When folks in Missouri are convicted of a crime, that does not necessarily bring their case to a conclusion. Many people choose to appeal their conviction in the hope that evidence that was misinterpreted or not properly considered could exonerate them. A possible loophole in Missouri law could have a lot of people scrambling to appeal their conviction on drunk driving charges.
For a 14-month period that ended about a month ago when it was changed, the regulations around the maintenance of breath-test equipment for people suspected of drunk driving were in question. The way the regulations were worded, it could be interpreted that the equipment had to be tested at three different levels: 0.04 percent, 0.08 percent and 0.10 percent.
The loophole lies in the use of the word "and." People appealing their cases say that while the regulations were worded that way, officials were required to test all three levels, rather than just one. That meant, in theory, that if the equipment hadn't been tested at all three levels, that evidence obtained in that manner could have been inadmissible. A judge agreed in two cases recently, and reinstated the drivers' licenses of two people.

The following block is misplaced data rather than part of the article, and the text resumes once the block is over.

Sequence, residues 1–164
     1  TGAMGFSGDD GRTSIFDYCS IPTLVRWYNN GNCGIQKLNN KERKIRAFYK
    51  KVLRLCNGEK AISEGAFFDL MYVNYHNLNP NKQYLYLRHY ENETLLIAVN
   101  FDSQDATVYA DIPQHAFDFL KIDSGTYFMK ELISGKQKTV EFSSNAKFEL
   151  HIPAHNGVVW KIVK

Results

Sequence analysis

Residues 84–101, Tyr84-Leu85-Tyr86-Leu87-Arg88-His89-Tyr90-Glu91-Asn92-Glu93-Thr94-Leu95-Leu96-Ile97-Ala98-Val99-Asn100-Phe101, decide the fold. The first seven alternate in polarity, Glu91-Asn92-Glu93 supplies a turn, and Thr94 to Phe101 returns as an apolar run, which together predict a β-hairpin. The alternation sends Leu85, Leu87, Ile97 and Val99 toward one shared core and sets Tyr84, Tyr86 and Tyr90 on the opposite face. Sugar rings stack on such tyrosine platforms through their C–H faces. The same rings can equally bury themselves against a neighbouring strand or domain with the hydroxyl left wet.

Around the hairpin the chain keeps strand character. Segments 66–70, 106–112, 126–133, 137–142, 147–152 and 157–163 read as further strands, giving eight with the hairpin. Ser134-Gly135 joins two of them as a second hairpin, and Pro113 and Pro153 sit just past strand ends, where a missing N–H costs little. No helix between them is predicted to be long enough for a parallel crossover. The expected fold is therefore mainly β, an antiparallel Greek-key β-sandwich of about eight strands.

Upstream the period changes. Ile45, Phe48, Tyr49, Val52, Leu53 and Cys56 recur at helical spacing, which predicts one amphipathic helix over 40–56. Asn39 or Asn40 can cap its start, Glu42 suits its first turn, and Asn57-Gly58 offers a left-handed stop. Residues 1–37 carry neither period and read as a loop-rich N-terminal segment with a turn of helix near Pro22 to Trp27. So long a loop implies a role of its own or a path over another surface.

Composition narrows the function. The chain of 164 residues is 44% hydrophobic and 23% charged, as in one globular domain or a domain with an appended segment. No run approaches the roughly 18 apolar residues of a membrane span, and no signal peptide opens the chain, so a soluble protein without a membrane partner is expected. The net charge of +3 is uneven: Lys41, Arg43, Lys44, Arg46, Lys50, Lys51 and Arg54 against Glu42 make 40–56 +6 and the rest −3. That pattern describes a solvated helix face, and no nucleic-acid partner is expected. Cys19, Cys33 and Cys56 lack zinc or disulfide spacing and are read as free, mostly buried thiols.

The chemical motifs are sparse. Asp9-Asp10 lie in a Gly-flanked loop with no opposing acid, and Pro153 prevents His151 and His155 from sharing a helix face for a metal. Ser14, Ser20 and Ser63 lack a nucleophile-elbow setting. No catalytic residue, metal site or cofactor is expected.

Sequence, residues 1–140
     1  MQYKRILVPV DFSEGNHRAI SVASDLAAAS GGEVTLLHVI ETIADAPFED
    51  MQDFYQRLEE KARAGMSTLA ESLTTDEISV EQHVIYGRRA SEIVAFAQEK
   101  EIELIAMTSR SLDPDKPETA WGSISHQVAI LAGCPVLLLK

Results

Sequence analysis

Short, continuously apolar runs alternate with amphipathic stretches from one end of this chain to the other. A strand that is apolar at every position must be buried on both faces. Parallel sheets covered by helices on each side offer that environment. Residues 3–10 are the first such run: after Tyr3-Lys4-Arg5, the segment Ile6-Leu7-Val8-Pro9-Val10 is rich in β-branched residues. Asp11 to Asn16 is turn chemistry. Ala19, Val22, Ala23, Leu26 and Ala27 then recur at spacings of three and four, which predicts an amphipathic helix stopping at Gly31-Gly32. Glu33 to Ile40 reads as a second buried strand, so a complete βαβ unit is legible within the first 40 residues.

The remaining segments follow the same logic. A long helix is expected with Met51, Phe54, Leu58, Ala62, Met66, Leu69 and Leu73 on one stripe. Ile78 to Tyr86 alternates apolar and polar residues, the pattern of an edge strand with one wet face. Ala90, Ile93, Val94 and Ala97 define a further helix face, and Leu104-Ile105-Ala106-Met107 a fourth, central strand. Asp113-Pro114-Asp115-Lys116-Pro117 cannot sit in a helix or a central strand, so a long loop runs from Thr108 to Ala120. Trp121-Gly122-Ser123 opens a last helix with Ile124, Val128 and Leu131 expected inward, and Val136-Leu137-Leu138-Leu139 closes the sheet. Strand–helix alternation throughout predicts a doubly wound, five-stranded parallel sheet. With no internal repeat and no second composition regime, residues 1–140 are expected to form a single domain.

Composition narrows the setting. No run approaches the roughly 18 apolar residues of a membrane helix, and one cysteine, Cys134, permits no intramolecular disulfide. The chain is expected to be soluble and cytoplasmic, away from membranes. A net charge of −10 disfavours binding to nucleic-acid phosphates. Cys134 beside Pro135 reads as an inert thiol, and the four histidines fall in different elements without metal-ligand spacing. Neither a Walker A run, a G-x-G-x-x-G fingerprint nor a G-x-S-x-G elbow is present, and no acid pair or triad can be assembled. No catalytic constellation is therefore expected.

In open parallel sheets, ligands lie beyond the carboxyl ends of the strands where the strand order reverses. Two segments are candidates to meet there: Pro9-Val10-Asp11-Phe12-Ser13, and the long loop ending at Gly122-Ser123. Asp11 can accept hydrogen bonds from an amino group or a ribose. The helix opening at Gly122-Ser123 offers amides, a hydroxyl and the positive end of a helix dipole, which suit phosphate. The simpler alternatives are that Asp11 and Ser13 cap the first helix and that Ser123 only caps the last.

The department in charge of regulating the devices has since changed "and" to "or." State officials resist the idea that the presence of "and" could affect cases, but judges may not agree with them.
Regardless of the nature of your case, an appeal might be possible, or even encouraged. An experienced criminal appeals attorney could be a good sounding board for a defendant.
Source: St. Louis Post-Dispatch, "Missouri disagrees with defense attorneys over possible DWI loophole," Jesse Bogan, Feb. 28, 2014